Meanwhile, though three Competition titles have eluded all my best attempts to locate subtitled copies (Romania's The Senator of Snails, Spain's Stories from the Kronen, and, most disappointingly, Mali's Waati), I've got a lot of tantalizing titles before me. They include work I've long wanted to catch by Terence Davies (The Neon Bible), Zhang Yimou (Shanghai Triad), Emir Kusturica (Underground, which took the Palme), Theo Angelopoulos (Ulysses' Gaze), Ken Loach (Land and Freedom), Larry Clark (Kids), Masahiro Shinoda (Sharaku), Jean-Pierre Jeunet (The City of Lost Children), Hou Hsiao-Hsien (Good Men, Good Women), and Manoel de Oliveira, who died just two days after my new DVD of The Convent arrived in the mail. I'll be posting thoughts on each movie on whatever date the film originally unspooled for Jeanne Moreau's jury. Having learned the virtues of an early start, I'm already through 10 of these 21 pictures, and the kickoff isn't until May 17, so the schedule is looking good.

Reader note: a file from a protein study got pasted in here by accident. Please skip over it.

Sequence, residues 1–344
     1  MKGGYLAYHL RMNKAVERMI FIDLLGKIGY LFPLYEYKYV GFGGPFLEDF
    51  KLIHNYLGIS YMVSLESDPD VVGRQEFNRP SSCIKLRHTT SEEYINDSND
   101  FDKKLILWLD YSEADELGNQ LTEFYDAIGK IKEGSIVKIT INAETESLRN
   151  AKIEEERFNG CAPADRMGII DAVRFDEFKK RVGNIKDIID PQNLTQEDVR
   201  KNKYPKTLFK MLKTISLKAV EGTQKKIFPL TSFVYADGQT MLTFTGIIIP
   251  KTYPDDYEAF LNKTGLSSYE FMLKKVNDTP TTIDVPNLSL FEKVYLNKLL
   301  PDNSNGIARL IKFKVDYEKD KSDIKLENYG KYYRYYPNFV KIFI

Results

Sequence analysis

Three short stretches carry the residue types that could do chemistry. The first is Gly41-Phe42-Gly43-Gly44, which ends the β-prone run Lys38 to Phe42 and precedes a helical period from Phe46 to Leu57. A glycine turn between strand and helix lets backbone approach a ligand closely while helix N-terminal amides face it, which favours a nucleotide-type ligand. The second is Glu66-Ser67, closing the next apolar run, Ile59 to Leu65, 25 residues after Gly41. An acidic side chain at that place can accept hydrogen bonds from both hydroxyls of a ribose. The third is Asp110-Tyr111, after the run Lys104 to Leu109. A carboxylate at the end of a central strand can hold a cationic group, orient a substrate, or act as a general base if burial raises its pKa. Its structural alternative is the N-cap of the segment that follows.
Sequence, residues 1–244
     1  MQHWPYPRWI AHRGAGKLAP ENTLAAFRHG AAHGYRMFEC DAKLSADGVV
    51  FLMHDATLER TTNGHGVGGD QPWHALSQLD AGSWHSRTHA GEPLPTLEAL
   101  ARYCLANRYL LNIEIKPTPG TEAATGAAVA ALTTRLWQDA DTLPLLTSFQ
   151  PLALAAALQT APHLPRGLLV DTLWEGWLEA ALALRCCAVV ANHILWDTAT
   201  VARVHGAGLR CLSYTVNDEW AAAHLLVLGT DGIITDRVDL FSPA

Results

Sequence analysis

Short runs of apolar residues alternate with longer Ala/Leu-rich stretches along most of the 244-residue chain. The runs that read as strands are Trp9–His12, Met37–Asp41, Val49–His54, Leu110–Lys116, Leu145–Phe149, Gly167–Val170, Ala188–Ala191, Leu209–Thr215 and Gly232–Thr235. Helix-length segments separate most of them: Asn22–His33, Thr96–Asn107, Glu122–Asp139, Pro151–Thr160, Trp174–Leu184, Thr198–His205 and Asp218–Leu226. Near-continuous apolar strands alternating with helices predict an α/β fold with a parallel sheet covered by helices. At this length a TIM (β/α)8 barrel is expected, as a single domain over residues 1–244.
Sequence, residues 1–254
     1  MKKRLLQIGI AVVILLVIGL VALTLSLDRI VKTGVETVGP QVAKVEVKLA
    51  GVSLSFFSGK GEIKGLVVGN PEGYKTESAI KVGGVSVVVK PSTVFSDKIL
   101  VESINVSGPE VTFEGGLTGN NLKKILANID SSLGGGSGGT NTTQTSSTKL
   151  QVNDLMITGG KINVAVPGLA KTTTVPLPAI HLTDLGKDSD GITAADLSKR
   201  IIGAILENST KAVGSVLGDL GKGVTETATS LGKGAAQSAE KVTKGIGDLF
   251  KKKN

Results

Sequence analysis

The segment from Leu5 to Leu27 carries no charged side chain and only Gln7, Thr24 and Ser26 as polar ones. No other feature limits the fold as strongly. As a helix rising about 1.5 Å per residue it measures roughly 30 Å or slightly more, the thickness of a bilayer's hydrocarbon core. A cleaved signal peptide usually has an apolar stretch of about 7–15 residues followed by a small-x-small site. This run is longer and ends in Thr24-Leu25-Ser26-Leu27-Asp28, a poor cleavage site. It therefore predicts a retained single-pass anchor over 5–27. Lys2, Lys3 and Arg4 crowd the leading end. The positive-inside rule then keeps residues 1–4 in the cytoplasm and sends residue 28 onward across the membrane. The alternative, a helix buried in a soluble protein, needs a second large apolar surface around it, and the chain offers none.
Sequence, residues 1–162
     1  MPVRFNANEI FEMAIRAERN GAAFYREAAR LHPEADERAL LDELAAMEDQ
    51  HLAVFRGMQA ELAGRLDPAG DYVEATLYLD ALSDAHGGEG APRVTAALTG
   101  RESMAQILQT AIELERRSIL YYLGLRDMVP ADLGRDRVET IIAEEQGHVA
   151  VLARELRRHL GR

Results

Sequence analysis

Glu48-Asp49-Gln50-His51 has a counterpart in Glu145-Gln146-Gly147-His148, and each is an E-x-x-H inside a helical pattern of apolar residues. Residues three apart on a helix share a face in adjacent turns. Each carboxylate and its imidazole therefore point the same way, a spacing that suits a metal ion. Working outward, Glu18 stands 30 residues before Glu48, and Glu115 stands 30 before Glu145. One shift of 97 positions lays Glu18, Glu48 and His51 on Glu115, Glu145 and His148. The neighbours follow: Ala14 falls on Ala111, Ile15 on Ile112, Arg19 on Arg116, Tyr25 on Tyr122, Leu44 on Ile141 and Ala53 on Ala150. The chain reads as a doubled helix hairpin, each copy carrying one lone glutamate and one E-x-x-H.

But that's not all. It's not even the best part!
Me, spreading the word about my big plans.
In the grand tradition of superhero sequels, except this one won't suck, I've added a lot more characters... meaning, I have lured more than a half-dozen other film writers to play along with me, some of whose names you see a lot on this site and some never before. They'll be posting their thoughts about these movies on the same timetable I am, and at the end of the ten days, we'll deliberate and release our own jury awards, which may or may not coincide with Jeanne's. We're already in full swing, swapping Google docs and sharing rare copies of Between the Devil and the Deep Blue Sea and Don't Forget You're Going to Die, and making dates to see the Hou Hsiao-Hsien when it fortuitously passes through the Siskel in two weeks. I'm so excited to be working in league with other fanatics who also happen to be cinephiles I deeply admire. Plus, we all know I can flag with solo voyages (the rest of the Top Ten of 2014 will come, I promise...), but group projects with internal deadlines keep me honest. I'll release the names of my co-conspirators when Joel and Ethan Coen release their fellow jurors. It's a season of cliffhangers.